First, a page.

More than 25 months after it lifted off on a SpaceX Falcon 9 rocket, the US Air Force’s secretive X-37B spaceplane successfully returned to Earth on October 27th, breaking its own record for time spent in orbit.
As always, the specifics of what exactly the X-37B spaceplane does in orbit remain as obscure as ever.
SpaceX’s Falcon 9 rocket launched X-37B on its fifth mission – OTV-5 – on September 7th, 2017, just a handful of months after successfully launching a similarly secretive mission (NROL-76) for the National Reconnaissance Office (NRO) and a handful of months prior to the company’s even more mysterious ‘Zuma’ launch. SpaceX’s OTV-5 launch had to race against the clock to beat Hurricane Irma’s forecasted landfall and the company managed to launch just a few days prior, while the booster’s post-landing operations had to be similarly expedited.
Thankfully, all went as planned and SpaceX recovery technicians had Falcon 9 booster B1040 safely stored inside a nearby hangar before Hurricane Irma impacted the Florida coast. B1040 was reused for the second and final time during the June 2018 launch of the SES-12 communications satellite and marked the second to last launch of a pre-Block 5 variant of Falcon 9.
In the interim, the USAF X-37B was quietly stationed in low Earth orbit (LEO), performing any number of tasks. Over the course of the 779 days it spent in orbit, the spaceplane modified its orbit several times before finally reentering Earth’s atmosphere to land at Kennedy Space Center’s Shuttle Landing Facility (KSC SLF) runway.
During the OTV-4 mission that preceded OTV-5, the same X-37B spacecraft spent 717 days in orbit – just shy of two years. OTV-5 surpassed that endurance record on August 26th and remained in orbit for another two months, breaking its own record by a bit less than 10%. For the most part, the USAF’s most consistent cover story for the X-37B paints the spaceplane as a platform for testing reusable spacecraft hardware, but that explanation has never made a huge amount of sense alongside the fact that each mission has averaged more than 570 days in orbit.
“[The X-37B is the] Air Force’s premier reusable and unmanned spacecraft providing the performance and flexibility to improve technologies in a way that allows scientists and engineers to recover experiments tested in a long-duration space environment.”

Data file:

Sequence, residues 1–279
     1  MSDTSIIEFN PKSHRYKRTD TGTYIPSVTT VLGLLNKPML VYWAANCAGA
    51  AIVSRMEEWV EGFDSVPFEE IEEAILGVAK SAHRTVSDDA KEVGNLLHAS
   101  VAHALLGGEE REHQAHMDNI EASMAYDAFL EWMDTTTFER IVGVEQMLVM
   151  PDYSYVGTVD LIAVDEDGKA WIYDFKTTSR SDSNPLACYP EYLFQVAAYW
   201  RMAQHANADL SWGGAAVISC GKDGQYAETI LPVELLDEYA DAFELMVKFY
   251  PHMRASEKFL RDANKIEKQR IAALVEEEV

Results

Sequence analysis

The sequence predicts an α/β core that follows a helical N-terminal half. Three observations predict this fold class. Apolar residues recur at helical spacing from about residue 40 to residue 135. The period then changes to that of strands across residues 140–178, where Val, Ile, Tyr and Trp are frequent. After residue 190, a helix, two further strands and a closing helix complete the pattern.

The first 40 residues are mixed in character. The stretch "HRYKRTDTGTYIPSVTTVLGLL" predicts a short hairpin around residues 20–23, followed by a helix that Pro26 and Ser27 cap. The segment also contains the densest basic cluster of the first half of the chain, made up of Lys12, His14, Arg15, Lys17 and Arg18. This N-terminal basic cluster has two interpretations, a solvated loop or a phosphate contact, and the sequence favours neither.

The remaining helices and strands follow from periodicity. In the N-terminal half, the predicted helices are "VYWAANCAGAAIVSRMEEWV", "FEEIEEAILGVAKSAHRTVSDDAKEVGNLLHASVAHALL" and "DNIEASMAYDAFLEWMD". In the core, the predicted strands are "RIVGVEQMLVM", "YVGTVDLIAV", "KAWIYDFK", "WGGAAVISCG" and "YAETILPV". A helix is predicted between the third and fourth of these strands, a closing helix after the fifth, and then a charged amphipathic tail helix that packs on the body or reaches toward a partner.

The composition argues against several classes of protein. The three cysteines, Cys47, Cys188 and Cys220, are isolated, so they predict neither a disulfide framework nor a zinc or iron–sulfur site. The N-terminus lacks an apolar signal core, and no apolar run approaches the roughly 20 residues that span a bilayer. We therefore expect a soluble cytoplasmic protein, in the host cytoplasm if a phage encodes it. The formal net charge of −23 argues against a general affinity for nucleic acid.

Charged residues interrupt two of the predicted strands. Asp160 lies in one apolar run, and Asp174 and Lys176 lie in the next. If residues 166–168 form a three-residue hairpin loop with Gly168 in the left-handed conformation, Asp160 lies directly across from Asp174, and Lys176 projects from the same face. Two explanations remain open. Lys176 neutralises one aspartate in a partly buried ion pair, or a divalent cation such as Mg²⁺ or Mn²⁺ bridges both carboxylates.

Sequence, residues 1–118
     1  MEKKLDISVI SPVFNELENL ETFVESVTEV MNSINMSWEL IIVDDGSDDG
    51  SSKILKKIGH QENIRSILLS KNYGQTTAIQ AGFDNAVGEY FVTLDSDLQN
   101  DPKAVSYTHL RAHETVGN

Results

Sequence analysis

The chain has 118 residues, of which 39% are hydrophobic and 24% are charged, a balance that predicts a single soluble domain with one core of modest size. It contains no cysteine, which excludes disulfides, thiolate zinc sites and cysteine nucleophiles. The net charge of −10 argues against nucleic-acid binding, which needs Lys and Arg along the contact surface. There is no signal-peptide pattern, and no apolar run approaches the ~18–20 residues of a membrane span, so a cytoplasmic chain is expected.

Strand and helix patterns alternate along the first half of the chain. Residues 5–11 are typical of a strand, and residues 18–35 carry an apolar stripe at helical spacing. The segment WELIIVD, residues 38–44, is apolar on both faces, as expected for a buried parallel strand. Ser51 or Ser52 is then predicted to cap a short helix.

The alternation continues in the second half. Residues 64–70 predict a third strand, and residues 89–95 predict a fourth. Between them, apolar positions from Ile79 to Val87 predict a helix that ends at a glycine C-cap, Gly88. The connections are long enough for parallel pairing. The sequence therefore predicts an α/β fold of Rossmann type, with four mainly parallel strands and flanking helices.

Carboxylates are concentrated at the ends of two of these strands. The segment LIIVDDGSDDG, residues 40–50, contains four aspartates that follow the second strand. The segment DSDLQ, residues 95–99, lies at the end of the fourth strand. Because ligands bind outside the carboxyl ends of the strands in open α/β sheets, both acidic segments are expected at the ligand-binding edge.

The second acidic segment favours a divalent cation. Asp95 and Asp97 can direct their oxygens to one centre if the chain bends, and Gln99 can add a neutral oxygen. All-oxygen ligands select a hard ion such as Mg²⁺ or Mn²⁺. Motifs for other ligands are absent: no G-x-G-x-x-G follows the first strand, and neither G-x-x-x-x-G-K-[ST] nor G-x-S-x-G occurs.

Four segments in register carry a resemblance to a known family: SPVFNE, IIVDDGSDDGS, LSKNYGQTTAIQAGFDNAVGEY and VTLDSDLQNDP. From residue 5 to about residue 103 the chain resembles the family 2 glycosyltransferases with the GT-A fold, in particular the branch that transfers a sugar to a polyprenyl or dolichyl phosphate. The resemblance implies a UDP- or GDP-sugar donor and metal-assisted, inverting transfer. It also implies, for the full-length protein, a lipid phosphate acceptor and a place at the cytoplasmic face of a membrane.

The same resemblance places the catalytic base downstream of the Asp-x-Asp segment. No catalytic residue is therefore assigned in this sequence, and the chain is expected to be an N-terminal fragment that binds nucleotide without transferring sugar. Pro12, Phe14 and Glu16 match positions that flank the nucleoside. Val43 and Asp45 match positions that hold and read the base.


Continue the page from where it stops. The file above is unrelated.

USAF, October 27th, 2019
In reality, it’s largely assumed that X-37B serves as a kind of flexible, on-call spy satellite, featuring a payload bay with plenty of room for signals intelligence or imaging hardware and a level of orbital endurance that makes it comparable to satellites. For example, OTV-5’s orbital parameters meant that the spacecraft routinely overflew Russia for much of the 25 months it spent in space.
Aside from the “experiments” and likely espionage-related payloads X-37B can stow inside its payload bay, the spacecraft also brings along a small solar array and radiator and features a hydrazine maneuvering system with substantial delta-V reserves, allowing it to significantly change its orbit.
In an unexpected twist, the USAF press release suggested that X-37B also provided “a ride for small satellites”, unusual because the US never registered those satellites with the UN if they were actually deployed from the spacecraft – a potential violation of international spaceflight treaties.
Following its successful October 27th recovery, Boeing and USAF teams will begin the process of refurbishing X-37B and preparing it for its sixth orbital mission as soon as possible. Known as OTV-6, the spacecraft is scheduled to head to orbit once more on a ULA Atlas V rocket that is scheduled to launch no earlier than Q2 2020.
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